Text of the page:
Ready to Migrate
In general, moving overseas to work or live has become a norm as the world globalises. We have noticed recently that an increasing number of native Hong Kong persons holding a BN (O) passport planning to migrate overseas for a better quality of life, better living conditions, better career opportunity or better education for children.
Prior to any move, there are many considerations and each person will have their own objectives, whether temporary or long-term. For example, you may consider your take-home compensation or living standards if you are relocating for work. If the main purpose of relocation is for the family then the quality of education and living conditions may take priority. In any case, it is important to understand the tax residency rules of the country and how income will be taxed prior to the move as typically tax systems of overseas countries (ie. UK and US) are more complex than Hong Kong.
From a tax perspective, some issues to consider before migration:
- Are you moving out of Hong Kong permanently? Or do you have plans to return to Hong Kong after a couple of years, for example after obtaining a permanent resident status (aka green card for US residency)?
- Are you aware of the definition/rule of tax residency of that country? What issues (if any) are triggered upon obtaining permanent resident status?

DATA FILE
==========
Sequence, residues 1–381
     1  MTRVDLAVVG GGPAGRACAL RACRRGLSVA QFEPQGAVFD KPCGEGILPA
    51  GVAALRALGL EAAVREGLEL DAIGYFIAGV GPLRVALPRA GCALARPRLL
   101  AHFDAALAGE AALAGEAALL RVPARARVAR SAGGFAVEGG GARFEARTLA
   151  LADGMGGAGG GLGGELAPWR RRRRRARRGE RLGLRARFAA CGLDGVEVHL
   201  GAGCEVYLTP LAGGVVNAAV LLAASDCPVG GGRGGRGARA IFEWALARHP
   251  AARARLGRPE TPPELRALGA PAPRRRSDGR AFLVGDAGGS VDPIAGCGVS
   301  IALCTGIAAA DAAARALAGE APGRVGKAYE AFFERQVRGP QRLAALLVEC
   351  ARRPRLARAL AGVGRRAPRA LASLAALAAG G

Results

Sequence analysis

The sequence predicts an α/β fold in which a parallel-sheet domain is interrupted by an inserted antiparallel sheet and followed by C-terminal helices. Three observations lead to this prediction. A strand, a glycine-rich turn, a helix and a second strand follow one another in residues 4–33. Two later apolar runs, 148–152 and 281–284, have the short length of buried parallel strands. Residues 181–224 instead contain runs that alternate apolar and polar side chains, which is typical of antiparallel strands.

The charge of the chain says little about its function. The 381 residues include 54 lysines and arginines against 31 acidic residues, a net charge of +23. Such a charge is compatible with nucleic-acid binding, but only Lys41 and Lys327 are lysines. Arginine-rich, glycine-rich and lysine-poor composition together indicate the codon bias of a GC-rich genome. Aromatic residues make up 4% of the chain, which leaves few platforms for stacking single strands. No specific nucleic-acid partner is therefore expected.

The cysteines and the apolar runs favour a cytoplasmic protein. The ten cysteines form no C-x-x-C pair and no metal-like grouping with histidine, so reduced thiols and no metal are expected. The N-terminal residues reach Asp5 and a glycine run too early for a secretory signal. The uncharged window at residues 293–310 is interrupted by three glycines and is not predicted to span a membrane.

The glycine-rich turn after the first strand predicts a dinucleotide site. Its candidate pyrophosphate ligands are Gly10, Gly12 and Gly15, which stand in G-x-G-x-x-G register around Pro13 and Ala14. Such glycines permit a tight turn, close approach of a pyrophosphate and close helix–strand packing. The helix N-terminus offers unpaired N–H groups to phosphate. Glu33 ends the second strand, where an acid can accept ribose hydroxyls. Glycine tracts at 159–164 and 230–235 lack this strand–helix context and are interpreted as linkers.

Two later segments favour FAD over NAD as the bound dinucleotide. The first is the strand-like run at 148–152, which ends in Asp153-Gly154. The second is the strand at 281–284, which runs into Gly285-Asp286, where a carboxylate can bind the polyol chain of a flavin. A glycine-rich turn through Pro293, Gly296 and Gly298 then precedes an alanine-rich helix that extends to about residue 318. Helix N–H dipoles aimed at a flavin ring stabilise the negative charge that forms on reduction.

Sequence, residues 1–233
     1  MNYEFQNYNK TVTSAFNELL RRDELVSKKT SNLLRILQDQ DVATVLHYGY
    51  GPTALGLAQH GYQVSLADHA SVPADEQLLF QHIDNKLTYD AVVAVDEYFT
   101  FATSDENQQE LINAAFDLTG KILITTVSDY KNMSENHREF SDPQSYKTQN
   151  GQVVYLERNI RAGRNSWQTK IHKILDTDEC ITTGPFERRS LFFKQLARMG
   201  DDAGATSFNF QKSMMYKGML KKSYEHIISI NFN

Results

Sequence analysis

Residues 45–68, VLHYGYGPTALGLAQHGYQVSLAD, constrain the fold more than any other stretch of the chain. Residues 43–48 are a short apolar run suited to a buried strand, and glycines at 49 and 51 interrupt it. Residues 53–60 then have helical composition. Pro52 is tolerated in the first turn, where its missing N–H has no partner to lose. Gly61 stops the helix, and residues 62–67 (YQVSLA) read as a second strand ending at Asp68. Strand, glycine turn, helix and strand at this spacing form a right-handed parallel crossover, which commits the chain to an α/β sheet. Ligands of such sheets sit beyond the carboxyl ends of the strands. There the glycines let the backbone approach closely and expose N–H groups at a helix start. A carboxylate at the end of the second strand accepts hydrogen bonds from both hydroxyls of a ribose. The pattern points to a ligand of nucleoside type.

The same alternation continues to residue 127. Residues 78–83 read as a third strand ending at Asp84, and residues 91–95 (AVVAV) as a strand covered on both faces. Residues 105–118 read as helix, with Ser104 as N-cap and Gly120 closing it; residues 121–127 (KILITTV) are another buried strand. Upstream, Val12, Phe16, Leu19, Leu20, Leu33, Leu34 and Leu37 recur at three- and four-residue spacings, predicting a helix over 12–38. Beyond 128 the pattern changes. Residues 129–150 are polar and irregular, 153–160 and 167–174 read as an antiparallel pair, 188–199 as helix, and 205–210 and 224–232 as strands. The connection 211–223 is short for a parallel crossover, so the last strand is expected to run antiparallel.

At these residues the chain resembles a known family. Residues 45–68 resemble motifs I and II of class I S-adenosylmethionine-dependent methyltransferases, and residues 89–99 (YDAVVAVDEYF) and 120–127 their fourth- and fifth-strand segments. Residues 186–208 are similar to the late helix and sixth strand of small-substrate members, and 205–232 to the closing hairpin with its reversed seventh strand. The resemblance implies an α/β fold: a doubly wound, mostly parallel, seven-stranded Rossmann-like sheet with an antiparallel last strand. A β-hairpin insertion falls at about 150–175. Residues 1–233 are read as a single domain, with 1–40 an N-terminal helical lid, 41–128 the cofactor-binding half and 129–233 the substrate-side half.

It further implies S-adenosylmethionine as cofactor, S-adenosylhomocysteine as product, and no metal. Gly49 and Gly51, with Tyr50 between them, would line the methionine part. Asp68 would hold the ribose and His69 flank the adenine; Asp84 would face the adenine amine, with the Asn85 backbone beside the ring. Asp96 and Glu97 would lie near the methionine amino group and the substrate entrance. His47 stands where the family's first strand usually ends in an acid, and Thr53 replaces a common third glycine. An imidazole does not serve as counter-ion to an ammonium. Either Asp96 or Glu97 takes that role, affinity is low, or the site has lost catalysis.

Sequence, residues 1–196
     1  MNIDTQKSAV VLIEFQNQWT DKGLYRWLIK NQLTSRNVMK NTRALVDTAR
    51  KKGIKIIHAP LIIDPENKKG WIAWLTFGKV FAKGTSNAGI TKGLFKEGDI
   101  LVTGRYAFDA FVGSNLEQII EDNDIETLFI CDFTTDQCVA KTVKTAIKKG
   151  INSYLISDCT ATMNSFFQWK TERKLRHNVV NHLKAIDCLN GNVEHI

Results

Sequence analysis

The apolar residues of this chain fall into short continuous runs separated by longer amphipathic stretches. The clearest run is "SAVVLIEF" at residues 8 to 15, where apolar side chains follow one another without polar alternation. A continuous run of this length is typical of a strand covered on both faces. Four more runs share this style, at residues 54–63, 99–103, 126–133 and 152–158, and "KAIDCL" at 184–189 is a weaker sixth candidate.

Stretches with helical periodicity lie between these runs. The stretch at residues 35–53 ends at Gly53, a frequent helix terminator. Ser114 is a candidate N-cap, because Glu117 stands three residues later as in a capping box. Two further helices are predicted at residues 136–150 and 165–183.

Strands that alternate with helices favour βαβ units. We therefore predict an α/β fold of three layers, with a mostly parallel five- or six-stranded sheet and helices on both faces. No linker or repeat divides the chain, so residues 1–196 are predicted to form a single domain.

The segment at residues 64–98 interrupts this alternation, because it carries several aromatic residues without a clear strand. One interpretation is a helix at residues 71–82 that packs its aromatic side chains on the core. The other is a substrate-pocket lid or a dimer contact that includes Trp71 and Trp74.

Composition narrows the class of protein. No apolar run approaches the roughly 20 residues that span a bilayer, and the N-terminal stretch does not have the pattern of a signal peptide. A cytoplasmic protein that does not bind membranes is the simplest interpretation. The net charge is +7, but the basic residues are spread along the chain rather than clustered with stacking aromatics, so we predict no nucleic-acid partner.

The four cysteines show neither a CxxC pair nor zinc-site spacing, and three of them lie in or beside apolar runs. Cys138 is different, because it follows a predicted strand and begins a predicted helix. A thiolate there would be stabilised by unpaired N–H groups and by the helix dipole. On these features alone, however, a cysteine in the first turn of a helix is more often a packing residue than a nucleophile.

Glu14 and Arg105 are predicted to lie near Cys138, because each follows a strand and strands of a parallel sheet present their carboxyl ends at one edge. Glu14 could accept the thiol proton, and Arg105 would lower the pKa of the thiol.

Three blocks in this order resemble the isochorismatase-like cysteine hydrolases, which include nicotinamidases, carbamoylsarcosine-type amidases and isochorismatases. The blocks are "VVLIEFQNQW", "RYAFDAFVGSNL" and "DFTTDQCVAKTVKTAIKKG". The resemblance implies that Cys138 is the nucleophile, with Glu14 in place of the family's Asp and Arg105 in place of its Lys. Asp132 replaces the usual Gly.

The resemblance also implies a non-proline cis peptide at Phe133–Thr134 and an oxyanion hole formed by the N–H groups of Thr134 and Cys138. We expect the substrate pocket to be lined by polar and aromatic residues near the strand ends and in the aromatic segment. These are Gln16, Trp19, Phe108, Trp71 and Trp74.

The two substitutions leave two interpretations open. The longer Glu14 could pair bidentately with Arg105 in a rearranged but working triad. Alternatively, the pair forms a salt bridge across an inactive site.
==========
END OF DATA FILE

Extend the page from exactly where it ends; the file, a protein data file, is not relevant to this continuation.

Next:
- Will you be traveling frequently outside of that country after the move?
- Do you have assets with realized gains that could be sold after relocating?
- Do you own any real estate in Hong Kong and what plans do you have for when you move, ie. will you keep the property or sell? Are you planning to buy property in that country?
- What will you do to generate income following the move, where will you be performing duties of your employment or business?
- Do you have any succession plans, ie. to transfer assets to the next generation? Many countries, unlike Hong Kong, have estate/inheritance tax.
- Are you entitled to any kind of estate income from your parents?
- Are there any future tax compliance issues (ie. tax returns) after the move?
Conclusion - With careful tax planning prior to the move, it is possible to minimize any “surprises” that may come from a more complex tax system such as the UK or US which could lead to a negative impact on your family wealth. Seeking tax advice should be at the top of the moving checklist to allow sufficient time to plan and implement advice given.
If you are planning to relocate to the UK/US or would like to have basic understanding of its tax residency rules or require personal tax advice before relocating, please feel free to contact us at email@example.com or at +852 3552 9085.